5

Under the second Graham inquiry, the district court analyzed the differences between the prior art and the claimed design. The district court noted:

6

While the prior art had notches therein, or other methods for attaching additional clothing to the shoulders, none carried this to the point of [IPC]'s superstructure.

7

Id. The district court also found the '238 patent's straight-bottom chamber design "just the opposite of the British arc." Id. at 1808. The district court also noted that the claimed chamber design "could well be found artistic." Id. Because the record shows adequate consideration of the relevant prior art, the district court's factual conclusion stands. See ACS Hosp. Sys. Inc. v. Montefiore Hosp., 732 F.2d 1572, 1578, 221 USPQ 929, 933 (Fed.Cir.1984).

8

The district court also found that Tamor copied the distinctive features of the '238 design. Tamor contends that, before weighing objective evidence of copying, the trial court must find identity between Tamor's hanger and the '238 patented design. This court has never articulated such a requirement. Rather, evidence that Tamor copied the novel features of the '238 design is indicative of nonobviousness. Windsurfing Int'l Inc. v. AMF, Inc., 782 F.2d 995, 1000, 228 USPQ 562, 565 (Fed.Cir.), cert. denied, 477 U.S. 905 (1986). Thus, the district court properly weighed evidence of copying in its obviousness determination. Stratoflex, Inc. v. Aeroquip Corp., 713 F.2d 1530, 1539, 218 USPQ 871, 879 (Fed.Cir.1983).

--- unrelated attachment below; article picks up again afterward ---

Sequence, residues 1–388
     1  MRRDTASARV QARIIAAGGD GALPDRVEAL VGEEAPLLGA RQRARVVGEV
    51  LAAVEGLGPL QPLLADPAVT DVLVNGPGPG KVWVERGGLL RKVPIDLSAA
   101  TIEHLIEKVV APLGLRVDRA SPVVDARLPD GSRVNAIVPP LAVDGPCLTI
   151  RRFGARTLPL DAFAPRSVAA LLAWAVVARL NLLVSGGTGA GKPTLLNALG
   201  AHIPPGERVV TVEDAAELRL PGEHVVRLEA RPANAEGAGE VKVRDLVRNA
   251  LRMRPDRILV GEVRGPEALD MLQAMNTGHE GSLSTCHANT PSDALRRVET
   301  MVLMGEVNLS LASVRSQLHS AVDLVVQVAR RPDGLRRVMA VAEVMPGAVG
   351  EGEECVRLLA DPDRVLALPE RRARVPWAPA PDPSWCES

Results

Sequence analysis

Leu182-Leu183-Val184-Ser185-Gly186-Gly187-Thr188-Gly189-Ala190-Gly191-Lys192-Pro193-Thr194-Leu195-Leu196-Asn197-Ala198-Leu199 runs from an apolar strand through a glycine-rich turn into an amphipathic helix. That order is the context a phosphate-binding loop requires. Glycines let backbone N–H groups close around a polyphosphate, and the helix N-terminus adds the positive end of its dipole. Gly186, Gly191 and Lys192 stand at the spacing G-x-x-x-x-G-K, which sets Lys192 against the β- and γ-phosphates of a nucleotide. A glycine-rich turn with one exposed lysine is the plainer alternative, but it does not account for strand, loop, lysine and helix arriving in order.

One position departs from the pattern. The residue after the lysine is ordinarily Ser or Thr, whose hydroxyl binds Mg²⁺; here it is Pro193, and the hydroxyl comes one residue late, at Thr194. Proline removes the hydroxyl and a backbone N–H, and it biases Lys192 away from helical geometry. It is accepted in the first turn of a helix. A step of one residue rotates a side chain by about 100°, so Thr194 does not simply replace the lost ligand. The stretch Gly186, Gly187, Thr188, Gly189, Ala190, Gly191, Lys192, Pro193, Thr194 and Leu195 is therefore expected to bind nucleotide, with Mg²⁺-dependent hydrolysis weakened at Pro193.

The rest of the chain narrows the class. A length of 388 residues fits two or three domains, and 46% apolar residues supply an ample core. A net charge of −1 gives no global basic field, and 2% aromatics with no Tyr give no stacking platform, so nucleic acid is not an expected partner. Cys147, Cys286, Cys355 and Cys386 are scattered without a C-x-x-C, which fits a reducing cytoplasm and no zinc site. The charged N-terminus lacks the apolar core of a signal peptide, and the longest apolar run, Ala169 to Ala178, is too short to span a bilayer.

9

Under Sec. 103, the trial court must reach its legal conclusion of obviousness from the perspective of an ordinary designer of the articles at issue. In re Nalbandian, 661 F.2d 1214, 1216, 211 USPQ 782, 784-85 (CCPA 1981). A piecemeal reconstruction of prior art elements absent some suggestion of the combination does not show obviousness. Avia Group Int'l, Inc. v. L.A. Gear Cal., Inc., 853 F.2d 1557, 1564, 7 USPQ2d 1548, 1554 (Fed.Cir.1988). Tamor cited no prior art which would suggest the '238 design combination to one skilled in the art of hanger design. Tamor did not meet its burden of showing obviousness under Sec. 103. Accordingly, the district court did not err in its determination of nonobviousness.

Infringement

10

Infringement is a finding of fact. Raytheon Co. v. Roper Corp., 724 F.2d 951, 961, 220 USPQ 592, 600 (Fed.Cir.1983), cert. denied, 469 U.S. 835 (1984). This court will reverse a finding of infringement only if clearly erroneous. Lee v. Dayton-Hudson Corp., 838 F.2d 1186, 1187, 5 USPQ2d 1625 (Fed.Cir.1988).

11

Gorham Manufacturing Co. v. White, 81 U.S. (14 Wall) 511 (1871), sets forth the test for design patent infringement. Under this test, the court must determine infringement from the vantage of an ordinary observer. The patentee must show substantial similarity between the accused and claimed designs. Avia Group Int'l, 853 F.2d at 1565, 7 USPQ2d at 1554. In addition, "the accused device must appropriate the novelty in the patented device which distinguishes it from the prior art." Litton Sys., 728 F.2d at 1444, 221 USPQ at 109 (quoting Sears, Roebuck & Co. v. Talge, 140 F.2d 395, 396 (8th Cir.1944)).